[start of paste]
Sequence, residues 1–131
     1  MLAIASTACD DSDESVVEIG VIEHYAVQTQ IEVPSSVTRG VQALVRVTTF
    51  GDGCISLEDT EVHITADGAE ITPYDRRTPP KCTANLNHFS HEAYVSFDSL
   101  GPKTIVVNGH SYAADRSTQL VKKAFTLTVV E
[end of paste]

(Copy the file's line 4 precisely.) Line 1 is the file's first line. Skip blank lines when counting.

   101  GPKTIVVNGH SYAADRSTQL VKKAFTLTVV E